State Completes Funding for Zoo's Polar Bear Exhibit

8:44 PM, Nov 10, 2013   |    comments
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BUFFALO, NY - The Buffalo Zoo's polar bears will have the brand new home that zoo directors have been hoping for after all, thanks to a $750,000 package of assistance announced by New York State Governor Andrew M. Cuomo on Sunday.

In September, the zoo announced that a $2 million shortfall in funding for the planned $14 million exhibit had put the project in jeopardy. A month later, the state dedicated $400,000 toward the goal, and Sunday's announcement means funding is complete and the zoo can go forward with its cutting-edge habitat for the popular bears.

The zoo was concerned that it might lose its bears due to the antiquated condition of its current facilities. The zoo has to meet standards set out by the Association of Zoos and Aquariums (AZA), the zoo's professional accrediting body. The current bear exhibit dates back to the 1890s with only modest changes over the past 120 years and, as a result, Buffalo's adult polar bears have had to be relocated to other zoos out of state.

In a statement released by the governor's office Sunday, Buffalo Zoo President Donna Fernandes said, "We are extremely grateful to Governor Cuomo for putting The Bear Necessities Campaign over the top and ensuring that the Arctic Edge exhibit will be built. We are thrilled that he recognizes the significance of cultural tourism to the area and the role that the Buffalo Zoo plays in bringing people to Western New York."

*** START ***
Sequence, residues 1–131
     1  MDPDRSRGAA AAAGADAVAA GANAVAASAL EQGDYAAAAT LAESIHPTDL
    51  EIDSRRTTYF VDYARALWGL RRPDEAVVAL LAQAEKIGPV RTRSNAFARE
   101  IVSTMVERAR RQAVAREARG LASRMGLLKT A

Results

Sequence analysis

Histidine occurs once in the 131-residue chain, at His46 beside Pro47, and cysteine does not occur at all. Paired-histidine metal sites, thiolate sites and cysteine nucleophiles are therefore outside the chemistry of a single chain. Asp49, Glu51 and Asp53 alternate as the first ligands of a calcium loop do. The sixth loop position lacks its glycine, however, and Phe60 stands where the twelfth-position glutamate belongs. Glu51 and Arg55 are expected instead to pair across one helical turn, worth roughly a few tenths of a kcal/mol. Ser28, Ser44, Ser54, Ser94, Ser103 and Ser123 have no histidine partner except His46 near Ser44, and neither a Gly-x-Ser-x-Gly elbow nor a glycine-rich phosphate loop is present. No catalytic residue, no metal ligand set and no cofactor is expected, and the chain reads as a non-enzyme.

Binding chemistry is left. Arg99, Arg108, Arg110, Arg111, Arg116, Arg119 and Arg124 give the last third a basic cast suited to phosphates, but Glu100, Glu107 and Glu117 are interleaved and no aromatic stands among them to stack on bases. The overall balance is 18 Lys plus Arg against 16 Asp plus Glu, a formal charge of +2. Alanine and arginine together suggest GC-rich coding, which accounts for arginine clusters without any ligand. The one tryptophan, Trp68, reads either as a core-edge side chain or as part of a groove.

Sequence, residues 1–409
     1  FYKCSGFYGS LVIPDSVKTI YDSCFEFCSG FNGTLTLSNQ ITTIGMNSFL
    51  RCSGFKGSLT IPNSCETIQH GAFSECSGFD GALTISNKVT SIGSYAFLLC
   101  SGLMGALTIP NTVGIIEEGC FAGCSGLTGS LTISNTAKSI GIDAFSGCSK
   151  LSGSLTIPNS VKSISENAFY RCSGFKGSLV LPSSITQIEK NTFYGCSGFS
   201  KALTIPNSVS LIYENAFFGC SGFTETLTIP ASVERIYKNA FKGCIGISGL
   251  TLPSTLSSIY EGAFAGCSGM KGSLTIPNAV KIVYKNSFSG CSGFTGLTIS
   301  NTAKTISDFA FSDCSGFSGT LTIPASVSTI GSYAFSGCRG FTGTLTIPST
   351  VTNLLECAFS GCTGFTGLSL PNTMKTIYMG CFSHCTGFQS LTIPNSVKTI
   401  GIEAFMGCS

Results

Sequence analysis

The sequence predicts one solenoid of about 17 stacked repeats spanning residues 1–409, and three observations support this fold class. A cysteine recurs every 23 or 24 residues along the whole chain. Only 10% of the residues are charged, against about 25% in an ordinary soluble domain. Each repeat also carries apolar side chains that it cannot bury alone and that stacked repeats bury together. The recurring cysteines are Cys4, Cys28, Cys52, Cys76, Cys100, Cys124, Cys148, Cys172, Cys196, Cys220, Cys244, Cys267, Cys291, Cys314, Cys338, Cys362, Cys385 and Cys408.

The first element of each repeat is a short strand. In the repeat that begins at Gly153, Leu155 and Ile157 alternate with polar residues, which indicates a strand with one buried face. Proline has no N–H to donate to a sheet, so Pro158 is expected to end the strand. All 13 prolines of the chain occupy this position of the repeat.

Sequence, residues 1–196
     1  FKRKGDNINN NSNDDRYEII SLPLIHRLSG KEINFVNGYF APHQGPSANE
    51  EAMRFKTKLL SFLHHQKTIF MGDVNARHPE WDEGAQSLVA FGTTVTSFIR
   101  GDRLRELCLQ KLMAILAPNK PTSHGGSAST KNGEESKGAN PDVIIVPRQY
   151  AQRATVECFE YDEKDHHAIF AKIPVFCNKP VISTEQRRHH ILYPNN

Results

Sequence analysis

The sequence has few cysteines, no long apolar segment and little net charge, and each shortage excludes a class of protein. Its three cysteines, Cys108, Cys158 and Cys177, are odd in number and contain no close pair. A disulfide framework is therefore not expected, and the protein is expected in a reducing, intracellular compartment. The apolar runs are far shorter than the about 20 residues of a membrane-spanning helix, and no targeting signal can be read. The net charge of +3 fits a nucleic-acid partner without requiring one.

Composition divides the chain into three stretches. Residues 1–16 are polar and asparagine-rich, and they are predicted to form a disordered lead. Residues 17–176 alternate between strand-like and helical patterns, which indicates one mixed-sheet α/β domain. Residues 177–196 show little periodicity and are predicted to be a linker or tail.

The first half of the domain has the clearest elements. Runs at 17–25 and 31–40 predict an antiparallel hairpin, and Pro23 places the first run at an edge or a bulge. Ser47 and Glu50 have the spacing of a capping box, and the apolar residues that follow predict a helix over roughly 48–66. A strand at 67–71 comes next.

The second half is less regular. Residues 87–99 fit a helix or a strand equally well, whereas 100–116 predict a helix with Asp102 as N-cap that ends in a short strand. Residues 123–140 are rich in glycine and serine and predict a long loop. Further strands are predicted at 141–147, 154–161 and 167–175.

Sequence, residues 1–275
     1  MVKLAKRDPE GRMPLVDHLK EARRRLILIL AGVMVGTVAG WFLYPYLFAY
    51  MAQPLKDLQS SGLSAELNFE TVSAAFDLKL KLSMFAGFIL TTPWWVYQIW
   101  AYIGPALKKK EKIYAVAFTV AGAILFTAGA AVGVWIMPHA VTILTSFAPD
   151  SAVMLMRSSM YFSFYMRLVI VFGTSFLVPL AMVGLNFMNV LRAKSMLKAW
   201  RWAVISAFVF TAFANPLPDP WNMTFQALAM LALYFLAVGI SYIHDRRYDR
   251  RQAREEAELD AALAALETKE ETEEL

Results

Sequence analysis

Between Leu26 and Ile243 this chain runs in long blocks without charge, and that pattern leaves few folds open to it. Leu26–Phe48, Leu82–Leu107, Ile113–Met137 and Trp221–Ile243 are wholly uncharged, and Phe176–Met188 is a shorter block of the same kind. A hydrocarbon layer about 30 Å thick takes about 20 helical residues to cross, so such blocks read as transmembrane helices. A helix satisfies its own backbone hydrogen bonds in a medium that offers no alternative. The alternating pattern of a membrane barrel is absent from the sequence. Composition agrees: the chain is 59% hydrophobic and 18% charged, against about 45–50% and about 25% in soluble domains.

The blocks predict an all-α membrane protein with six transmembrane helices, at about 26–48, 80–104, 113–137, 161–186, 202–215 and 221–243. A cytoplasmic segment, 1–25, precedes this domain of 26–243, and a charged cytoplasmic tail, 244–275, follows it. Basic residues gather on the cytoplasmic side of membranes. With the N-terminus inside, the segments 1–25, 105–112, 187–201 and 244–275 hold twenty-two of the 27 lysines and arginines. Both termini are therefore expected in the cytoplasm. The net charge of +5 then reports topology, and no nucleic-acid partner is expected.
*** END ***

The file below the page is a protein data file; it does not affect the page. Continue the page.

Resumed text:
Governor Cuomo added, "The Buffalo Zoo is the most-visited tourist destination in Erie County, and supporting the Arctic Edge exhibit will help it draw even more travelers to Western New York. This project is accomplishing much-needed upgrades that will further cement the Zoo's status as a driver of tourism and economic activity throughout the region, and I am pleased that Luna and Kali will be able to continue their stay in Buffalo."

The new Arctic Edge exhibit will be an acre-and-a-half in size, replicating the snowy, frozen climate of the Arctic Circle. Two large exhibits will house the polar bears while three smaller enclosures will feature the arctic wolf, bald eagle and Canadian lynx to illustrate the diversity of species that have adapted to life in the frozen north. The landscape will include two large saltwater pools and natural materials. Underwater viewing will allow visitors to get an up-close look at the bears' swimming styles, natural behaviors and playful antics, according to the statement.

The project is also expected to create 228 construction jobs. 

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